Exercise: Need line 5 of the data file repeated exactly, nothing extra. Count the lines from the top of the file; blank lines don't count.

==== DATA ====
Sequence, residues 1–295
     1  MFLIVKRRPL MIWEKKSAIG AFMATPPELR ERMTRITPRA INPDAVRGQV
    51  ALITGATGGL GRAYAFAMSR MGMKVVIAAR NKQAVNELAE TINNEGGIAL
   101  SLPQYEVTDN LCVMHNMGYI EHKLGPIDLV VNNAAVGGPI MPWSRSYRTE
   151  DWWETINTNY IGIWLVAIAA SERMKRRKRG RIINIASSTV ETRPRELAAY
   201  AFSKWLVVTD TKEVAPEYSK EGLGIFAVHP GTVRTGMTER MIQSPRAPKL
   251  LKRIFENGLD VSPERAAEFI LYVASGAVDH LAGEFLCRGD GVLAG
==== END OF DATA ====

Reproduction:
   151  DWWETINTNY IGIWLVAIAA SERMKRRKRG RIINIASSTV ETRPRELAAY